Biological assays often rely on "reporter labels" to enhance measurement sensitivity, for example, by incorporation of a fluorescent dye or a nanoparticle into a nucleic acid or a protein. Use of labels, however, complicates sample preparation, increases assay costs, and can cause experimental artifacts by interfering with assay thermodynamics or limiting label stability. We evaluate near-field microwave imaging (NFMI) as an alternative, label-free technique for molecular diagnostics. Using DNA monolayers as an experimental model, NFMI is demonstrated to achieve sensitivities comparable to conventional fluorescence bioassays. Moreover, NFMI is shown to be compatible with imaging at resolutions required by microarray applications, as demonstrated by monitoring DNA hybridization in an array format.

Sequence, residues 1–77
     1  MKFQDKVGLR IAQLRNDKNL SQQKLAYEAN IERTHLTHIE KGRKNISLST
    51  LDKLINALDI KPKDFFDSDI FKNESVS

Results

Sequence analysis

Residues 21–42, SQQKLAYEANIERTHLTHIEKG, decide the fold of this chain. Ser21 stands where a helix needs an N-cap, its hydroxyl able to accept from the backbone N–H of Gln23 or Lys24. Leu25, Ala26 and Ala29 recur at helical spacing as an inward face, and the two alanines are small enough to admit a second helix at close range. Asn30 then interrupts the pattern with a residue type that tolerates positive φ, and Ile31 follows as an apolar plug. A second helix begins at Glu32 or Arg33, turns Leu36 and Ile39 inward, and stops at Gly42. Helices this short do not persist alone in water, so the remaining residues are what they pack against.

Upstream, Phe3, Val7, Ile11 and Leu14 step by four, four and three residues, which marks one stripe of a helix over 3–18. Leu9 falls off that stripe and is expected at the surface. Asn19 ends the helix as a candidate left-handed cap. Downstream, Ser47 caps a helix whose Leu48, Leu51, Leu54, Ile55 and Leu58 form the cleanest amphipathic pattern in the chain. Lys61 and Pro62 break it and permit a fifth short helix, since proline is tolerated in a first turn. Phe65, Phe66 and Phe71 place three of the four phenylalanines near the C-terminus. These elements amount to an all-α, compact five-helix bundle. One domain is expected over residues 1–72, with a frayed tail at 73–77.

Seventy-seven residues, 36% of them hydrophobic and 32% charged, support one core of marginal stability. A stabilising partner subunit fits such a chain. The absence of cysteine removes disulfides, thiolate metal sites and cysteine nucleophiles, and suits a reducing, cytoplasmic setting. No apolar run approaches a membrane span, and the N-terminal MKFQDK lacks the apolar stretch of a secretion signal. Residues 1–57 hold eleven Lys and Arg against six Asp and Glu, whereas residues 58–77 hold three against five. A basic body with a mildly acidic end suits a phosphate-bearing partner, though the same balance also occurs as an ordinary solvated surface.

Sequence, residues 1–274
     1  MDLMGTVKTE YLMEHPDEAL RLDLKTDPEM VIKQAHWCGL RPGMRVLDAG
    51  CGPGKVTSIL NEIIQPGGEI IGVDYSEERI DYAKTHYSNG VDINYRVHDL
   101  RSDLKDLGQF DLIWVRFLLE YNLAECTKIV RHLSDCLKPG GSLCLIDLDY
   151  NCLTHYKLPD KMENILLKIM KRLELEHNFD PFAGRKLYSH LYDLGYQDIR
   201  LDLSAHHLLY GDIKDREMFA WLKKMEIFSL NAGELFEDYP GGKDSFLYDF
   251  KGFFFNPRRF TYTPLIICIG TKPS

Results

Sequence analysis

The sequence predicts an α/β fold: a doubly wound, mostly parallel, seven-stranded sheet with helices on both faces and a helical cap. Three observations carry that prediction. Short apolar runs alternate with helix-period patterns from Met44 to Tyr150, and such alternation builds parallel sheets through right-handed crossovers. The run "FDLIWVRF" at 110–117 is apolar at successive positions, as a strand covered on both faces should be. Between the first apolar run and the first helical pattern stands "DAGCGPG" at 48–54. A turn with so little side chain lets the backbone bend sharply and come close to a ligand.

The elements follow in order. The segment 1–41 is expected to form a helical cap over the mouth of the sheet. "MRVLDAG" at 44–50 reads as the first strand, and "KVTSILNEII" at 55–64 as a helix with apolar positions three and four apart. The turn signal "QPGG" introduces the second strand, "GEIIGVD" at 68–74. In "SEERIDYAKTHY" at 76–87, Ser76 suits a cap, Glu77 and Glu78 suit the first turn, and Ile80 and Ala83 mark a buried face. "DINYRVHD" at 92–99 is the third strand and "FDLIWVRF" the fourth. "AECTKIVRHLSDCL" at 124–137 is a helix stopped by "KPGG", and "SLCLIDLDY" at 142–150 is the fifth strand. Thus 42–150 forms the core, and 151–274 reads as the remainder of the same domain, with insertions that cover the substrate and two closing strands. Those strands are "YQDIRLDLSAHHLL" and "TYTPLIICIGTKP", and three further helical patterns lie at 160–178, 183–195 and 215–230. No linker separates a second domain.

ASJC Scopus subject areas
- Colloid and Surface Chemistry